I am lazy. I don’t remember when it began, but to the great frustration of my mother, it has yet to end. Luckily though, there are many tools available for the lazy software engineer, some of which I’d like to share today in this post.
Too lazy to type?
I like saving key strokes. Why type when you can...not type? There are a couple of bash tricks I learned from Carlos and Jesse that I really like:
- cd - cd to last visited directory. Everybody knows about cd ~, but this is at least as useful. Instead of taking you home, cd - takes you to the last directory you visited.
Example use case:
tail log1 | cut -f 3 | sort
tail log2 | cut -f 5 | sort
2. ctrl + r: Reverse search bash history. Here at Adku, we run A LOT of map reduces. Most of the time, we’re calling the same few commands. ctrl + r lets us run, forget, and then run again later.
Example use case:
ctrl + r
3. !n:x-y Recall arguments x-y from the last nth command. This is another command that is a great help when running map reduces with complicated argument lists. Though, it is a lot more complicated than the other commands mentioned here, and worth reading about separately. True to the theme of this post, I redirect you to: http://www.catonmat.net/blog/the-definitive-guide-to-bash-command-line-history/ for a great resource on this, and will stick to giving a few simple examples.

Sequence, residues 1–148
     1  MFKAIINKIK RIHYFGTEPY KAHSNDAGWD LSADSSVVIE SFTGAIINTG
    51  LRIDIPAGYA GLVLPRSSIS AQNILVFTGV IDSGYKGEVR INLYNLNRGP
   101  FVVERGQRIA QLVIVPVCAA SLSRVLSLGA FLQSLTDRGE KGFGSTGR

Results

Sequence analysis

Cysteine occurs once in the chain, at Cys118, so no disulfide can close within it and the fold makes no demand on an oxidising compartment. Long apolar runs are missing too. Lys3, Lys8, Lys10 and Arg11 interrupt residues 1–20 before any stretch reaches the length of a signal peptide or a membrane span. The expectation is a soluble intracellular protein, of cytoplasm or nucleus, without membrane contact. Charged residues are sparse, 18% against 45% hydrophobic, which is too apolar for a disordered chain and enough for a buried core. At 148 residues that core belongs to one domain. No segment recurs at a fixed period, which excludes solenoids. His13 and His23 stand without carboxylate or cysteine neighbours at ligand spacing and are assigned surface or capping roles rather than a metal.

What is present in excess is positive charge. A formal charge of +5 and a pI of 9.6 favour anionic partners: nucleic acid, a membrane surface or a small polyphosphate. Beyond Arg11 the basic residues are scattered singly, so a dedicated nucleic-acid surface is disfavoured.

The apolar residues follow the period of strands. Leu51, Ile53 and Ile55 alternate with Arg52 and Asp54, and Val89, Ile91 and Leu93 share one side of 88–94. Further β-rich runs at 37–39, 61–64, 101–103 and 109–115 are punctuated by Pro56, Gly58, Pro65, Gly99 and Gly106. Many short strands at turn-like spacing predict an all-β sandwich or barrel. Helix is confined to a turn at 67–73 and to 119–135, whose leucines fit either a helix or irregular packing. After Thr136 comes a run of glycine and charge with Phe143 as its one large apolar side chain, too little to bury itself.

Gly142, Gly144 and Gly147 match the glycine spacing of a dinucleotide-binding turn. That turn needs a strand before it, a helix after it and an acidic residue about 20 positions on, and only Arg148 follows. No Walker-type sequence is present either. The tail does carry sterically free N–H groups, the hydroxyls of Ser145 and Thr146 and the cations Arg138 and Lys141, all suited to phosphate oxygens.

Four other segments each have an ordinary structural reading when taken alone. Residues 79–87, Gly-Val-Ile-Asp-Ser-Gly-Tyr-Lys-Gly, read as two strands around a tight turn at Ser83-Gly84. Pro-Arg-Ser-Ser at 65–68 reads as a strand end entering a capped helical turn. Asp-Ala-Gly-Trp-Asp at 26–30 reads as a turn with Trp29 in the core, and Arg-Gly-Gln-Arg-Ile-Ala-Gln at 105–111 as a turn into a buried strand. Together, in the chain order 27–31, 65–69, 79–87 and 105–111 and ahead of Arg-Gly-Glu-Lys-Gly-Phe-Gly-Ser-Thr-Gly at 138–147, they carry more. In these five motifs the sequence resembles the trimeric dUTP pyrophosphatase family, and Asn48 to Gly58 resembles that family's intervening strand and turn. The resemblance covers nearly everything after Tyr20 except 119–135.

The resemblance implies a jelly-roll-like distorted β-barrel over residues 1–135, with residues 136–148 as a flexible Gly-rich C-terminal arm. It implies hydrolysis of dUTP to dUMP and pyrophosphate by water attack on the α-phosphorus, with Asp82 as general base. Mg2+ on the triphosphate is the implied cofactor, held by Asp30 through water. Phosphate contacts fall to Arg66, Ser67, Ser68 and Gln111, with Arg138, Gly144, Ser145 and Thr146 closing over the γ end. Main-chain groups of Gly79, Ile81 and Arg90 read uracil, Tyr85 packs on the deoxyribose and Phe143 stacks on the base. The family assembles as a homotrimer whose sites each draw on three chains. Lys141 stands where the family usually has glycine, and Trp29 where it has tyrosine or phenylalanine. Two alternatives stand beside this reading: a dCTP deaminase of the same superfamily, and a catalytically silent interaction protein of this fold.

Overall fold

Example use case(s):
cat foo > impossible_to_remember_filename_akj3kj2437fvaj
port install haskell-platform
##oh no, permission failure##
>echo “hi” && echo “why”
Too lazy to go to work?
Being too lazy to go to work is, of course, never a problem for me. But theoretically, I could see the following scenario occur.
1. While at work, start a ssh tunnel between your work computer and a gateway server. (For details on how we do this, checkout: http://blog.adku.com/2011/06/working-remotely.html)
2. Go home, relax.
3. Start a ssh session to your work server.
4. Start tmux
5. never go to work again.
With the exception of 4 (and 5?), this is probably a familiar process. But here’s the beauty of four:
connection closed by remote host.
To quote the tmux man page:
Each session is persistent and will survive accidental disconnection (such as ssh(1) connection timeout) or intentional detaching (with the `C-b d' key strokes).
Aside from never losing your work due to connection problems, Tmux also makes it easy to start a job at work, go home, and continue monitoring that job remotely, or vice versa.
I start a tmux session at start tailing a random log at work:
To remember this session, I name it by typing
ctrl + b + : rename_session “foo”
Then I go home.
At home, I ssh into my work computer and type
and everything just works!
In addition to creating and naming sessions, tmux makes it easy to create and name panes within sessions. I often find myself running many jobs of the same type, which I like to organize into named panes within a single session.
The panes I have open are called “mo”, “meeny”, and “eeny”. In each screen I am running a different map reduce job. By naming the panes, I’ll remember exactly what I was running in each pane wherever I go.
Basic panel usage:
ctrl + b c
ctrl + b x
ctrl + b ,
navigate to previous panel
ctrl + b p
nagivate to next panel
ctrl + b n
navigate to panel #
ctrl + b #
Too lazy to...continue?